SUMMARY: United Airlines breaks guitars.How do I know? Social media.A viral video is an anecdotal example of customer response. In this Chart of the Week, we take a look at data from 947 customers to discover how social influencers react to customer experience failures.


After you kept doing business with (FAILNAME), which of the following best describes how you treated (FAILNAME) as a result of the failure? Now, thinking about all of the different social networks you are a part of, how many individuals would you estimate you are connected to or follow in these networks?

Social influencers are more likely to actively disparage brands that don’t serve customers …

This chart cross-tabulates the answers to the two questions listed above it, showing the average network size for groups that gave each reply to how they deal with a customer experience failure.

As you can see, customers with a bigger social footprint respond to failures more aggressively. The group that said, “I actively tried to disparage [the business that delivered a failed customer experience] every chance I got through social media and other online publishing channels” had an average social network of 1,560 — far more than any other group.

For a big brand, this can come at a major cost. For example, United Airlines spent $43.9 million in 2012 to advertise air travel, according to Kantar Media. It also spent significantly to sponsor the U.S. Olympic team at the Winter Olympics in Sochi two years later.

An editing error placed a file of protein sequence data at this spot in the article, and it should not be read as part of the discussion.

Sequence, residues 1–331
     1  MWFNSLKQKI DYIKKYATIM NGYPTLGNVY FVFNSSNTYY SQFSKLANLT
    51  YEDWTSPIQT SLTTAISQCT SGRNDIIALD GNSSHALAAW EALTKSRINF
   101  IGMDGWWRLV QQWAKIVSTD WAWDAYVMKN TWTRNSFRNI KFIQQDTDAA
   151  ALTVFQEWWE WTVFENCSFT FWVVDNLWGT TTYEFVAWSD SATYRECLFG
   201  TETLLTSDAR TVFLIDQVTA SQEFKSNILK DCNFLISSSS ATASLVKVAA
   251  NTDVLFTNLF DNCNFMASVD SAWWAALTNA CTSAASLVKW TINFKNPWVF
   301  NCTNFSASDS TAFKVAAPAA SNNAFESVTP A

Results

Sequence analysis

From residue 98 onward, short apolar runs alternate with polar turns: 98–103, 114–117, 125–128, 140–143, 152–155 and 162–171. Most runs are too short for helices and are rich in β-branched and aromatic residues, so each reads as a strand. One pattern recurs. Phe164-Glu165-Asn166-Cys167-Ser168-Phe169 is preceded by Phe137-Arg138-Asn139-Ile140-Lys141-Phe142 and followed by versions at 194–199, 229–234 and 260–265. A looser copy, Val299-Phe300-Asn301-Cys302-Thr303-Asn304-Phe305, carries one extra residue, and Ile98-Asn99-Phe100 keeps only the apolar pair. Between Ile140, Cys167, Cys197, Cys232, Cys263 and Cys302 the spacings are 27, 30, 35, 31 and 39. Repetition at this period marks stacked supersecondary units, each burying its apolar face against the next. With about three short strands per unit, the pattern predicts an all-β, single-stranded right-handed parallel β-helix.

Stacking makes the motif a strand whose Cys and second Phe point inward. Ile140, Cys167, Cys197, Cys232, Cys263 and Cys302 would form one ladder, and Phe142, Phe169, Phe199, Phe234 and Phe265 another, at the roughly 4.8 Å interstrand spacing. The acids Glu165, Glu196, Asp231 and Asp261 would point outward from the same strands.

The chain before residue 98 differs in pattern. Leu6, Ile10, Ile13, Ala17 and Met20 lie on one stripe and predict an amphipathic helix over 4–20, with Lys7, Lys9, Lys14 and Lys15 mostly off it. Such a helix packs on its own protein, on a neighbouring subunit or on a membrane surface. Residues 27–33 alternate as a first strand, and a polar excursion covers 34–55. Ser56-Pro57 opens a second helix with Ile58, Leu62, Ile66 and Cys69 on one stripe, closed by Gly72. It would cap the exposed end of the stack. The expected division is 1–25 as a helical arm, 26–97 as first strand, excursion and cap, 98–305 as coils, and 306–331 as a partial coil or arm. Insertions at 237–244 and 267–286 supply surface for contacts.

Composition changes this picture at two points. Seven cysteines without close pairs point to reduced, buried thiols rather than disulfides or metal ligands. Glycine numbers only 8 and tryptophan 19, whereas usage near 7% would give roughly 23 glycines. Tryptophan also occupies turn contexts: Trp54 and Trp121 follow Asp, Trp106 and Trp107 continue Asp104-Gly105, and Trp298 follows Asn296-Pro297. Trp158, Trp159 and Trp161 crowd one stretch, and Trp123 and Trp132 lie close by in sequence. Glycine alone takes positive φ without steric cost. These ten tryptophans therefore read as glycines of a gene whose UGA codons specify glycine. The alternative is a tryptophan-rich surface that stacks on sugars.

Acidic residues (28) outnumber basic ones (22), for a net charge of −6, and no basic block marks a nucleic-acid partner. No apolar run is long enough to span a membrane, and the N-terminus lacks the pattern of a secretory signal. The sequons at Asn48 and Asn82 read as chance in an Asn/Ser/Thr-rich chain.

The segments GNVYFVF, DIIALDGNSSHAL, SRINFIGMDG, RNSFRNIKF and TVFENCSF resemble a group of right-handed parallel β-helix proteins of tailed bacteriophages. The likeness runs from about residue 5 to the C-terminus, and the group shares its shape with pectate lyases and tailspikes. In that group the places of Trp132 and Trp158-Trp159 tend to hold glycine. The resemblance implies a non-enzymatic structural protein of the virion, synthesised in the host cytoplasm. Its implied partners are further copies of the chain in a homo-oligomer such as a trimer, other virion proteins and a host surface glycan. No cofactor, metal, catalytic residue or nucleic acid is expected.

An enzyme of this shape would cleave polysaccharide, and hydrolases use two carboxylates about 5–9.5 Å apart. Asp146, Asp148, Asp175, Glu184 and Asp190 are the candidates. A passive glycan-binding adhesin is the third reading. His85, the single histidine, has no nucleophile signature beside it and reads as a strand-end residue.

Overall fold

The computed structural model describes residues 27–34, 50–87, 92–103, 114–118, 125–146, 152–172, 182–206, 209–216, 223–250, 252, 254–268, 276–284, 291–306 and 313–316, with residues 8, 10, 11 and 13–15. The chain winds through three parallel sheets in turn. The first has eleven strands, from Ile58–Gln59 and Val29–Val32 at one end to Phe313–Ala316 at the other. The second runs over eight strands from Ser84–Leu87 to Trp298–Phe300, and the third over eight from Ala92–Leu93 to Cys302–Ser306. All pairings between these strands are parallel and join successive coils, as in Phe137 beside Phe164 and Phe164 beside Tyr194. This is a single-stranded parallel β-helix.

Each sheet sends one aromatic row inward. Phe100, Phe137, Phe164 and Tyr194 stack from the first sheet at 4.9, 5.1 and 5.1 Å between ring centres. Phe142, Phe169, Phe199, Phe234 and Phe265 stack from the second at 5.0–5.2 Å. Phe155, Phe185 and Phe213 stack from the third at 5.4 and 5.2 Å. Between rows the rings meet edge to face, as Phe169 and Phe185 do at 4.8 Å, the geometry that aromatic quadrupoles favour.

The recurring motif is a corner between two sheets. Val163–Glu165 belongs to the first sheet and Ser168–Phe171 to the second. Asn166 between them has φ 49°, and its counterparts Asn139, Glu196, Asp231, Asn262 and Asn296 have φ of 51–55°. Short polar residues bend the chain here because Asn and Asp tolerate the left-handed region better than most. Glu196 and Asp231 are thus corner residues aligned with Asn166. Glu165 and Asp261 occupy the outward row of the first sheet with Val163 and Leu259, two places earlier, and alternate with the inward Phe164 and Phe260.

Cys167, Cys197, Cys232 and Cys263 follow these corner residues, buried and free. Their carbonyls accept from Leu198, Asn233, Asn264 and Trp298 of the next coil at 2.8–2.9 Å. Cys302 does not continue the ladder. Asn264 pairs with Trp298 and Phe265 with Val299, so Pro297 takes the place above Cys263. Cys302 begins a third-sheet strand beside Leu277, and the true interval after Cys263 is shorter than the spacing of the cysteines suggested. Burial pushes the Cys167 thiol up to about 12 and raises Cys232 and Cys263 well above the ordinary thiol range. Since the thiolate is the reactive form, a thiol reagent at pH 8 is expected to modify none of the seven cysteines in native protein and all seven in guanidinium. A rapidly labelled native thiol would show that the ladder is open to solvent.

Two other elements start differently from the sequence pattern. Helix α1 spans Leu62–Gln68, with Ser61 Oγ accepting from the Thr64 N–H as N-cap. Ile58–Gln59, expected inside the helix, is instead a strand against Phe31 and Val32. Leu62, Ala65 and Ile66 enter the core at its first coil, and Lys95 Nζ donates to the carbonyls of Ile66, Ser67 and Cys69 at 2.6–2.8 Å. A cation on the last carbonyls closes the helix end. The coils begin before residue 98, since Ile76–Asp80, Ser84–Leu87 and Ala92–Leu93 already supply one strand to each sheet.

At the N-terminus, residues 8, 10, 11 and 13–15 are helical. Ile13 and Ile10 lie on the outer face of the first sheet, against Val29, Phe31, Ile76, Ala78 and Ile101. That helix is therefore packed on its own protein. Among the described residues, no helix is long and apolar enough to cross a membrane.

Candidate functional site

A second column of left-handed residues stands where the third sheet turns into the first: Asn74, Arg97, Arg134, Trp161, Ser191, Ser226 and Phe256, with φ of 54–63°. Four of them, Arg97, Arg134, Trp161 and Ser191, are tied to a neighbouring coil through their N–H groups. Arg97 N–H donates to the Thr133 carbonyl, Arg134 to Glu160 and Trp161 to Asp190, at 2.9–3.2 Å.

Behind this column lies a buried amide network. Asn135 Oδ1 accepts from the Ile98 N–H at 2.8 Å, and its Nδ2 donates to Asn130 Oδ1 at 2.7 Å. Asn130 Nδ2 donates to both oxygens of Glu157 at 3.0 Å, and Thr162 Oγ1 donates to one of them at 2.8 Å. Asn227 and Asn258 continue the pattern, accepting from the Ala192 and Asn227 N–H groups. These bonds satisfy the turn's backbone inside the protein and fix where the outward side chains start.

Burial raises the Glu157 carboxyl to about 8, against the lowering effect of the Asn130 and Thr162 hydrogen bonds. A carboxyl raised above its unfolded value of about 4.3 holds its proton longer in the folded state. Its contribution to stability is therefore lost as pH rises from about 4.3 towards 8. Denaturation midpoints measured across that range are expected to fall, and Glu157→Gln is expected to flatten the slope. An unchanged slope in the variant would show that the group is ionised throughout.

Much of that is feel-good branding. And yet, how much was that branding undercut by the now-famous “United Breaks Guitars” viral social media video? What if United had invested more in baggage handling to avoid that customer experience failure? What if its customer service staff had remedied the issue? The impact would not just have been on operational efficiency, but on the brand as well.

I’m not trying to only pick on one airline. No company is perfect. More on that in a bit. First, let’s take a deeper dive into discoveries from this research.

“Our recent research shows that consumers expect great experiences but are much more likely to remember negative experiences — and take them viral,” Paige O’Neill, CMO, SDL, said. “Four out of five customers who leave the brand after a negative experience say they will never come back. With this is mind, brands need to make customer experience a priority.”

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Credit: Marketing Sherpa
by Daniel Burstein, Director of Editorial Content, Marketing Sherpa

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